Malaria is among the greatest threats to refugees around the world. Eric Bieski, a Nothing But Nets champion who works in refugee resettlement, has seen this threat first-hand. In the interview below, Eric, who works in his community with refugee populations in resettlement and placement, tells the incredible story of a girl named Salome, who almost died from malaria shortly after her family resettled in the US from the Democratic Republic of Congo.
Q: In your work, you’ve gained an understanding of the challenges that refugees face. One of the biggest threats to refugees is malaria, and you saw this first-hand through a Congolese family you work with. Could you tell us this story?
A: That family was one of my first clients. They had a baby girl named Salome. I love interacting with kids and making them laugh and smile. But when Salome’s family first arrived in the United States, Salome never really smiled: she always had a somber look on her face. One day her father called me in a panic, saying she had fallen ill and was very sick.
Paramedics came and they were wearing hazmat suits because they thought she might have Ebola. At the hospital, they found out her blood cell count was very low but they couldn’t figure out what was wrong with her. They transferred her to Hershey Medical for extensive testing, and there they discovered she had malaria. I went a week later to pick her up – and it was the most beautiful thing I’ve ever seen in my life…
Salome was running around the hospital room, kicking a soccer ball, smiling and laughing like every child should. When I picked her up, and she smiled – that was the first time I’d ever seen her smile at me before. It dawned on me that there are thousands, if not millions, of “Salome’s” in the world living with malaria, but Salome was lucky enough to come to the United States. The doctor said that if she and her family were still in the refugee camp that Salome would likely not be alive today.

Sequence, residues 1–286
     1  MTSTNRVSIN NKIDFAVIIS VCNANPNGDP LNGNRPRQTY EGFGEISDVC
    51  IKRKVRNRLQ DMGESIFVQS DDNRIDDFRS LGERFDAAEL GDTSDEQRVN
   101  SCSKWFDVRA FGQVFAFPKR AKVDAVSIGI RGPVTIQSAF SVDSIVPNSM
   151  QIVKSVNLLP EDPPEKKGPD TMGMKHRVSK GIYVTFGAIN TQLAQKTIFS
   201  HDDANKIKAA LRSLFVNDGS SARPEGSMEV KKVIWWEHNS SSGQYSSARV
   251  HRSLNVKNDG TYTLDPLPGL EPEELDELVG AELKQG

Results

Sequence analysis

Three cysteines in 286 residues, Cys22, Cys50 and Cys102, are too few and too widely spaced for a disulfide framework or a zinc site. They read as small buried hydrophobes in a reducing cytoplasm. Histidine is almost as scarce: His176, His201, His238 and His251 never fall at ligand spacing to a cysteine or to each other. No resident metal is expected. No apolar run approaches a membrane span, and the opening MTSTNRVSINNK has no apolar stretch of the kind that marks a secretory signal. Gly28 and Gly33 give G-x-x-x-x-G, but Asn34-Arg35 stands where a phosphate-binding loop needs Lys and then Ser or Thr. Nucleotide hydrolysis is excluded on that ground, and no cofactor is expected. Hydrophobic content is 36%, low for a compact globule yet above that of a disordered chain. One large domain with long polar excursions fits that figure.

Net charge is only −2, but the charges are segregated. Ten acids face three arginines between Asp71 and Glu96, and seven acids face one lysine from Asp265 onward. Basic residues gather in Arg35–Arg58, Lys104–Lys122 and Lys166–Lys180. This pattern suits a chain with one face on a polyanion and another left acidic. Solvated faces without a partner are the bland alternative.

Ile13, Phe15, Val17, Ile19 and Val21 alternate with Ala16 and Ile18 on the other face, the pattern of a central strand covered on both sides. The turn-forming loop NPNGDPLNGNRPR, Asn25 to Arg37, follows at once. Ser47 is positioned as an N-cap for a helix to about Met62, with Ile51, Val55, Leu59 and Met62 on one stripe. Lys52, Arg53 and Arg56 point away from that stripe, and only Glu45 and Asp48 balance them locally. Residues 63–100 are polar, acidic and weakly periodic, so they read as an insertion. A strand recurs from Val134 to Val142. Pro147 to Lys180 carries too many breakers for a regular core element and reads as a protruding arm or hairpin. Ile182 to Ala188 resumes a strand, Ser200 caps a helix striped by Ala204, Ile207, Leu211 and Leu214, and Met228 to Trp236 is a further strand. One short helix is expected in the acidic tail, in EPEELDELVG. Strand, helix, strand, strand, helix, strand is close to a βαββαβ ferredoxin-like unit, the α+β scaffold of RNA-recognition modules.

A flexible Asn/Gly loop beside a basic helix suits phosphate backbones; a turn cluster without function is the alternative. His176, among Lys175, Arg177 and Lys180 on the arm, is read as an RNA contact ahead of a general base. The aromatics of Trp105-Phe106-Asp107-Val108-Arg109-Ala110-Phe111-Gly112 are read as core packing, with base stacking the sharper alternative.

Q: Tell us a little more about your hometown and the refugee resettlement work being done there.
A: I live in a region built on immigrants – mainly through the coal mine industry. In my refugee resettlement work, I’m able to add to that long legacy of just good people coming here for a better life, working hard, and creating the American dream. Our Bhutanese community, which has been resettling since 2008, has built roots here – they’re buying homes, their kids are enrolling in high school and some are going to college. It’s amazing. It’s what America is all about, and what America is built on, and I’m blessed to play a very small role in helping this happen.
Nothing But Nets is proud to have champions like Eric who are helping refugees create a life here in the U.S., and we’re also proud to have champions like Sifa, who is a refugee herself. To learn more about becoming a champion, click here! And to see more of the amazing work our champions are doing, click here.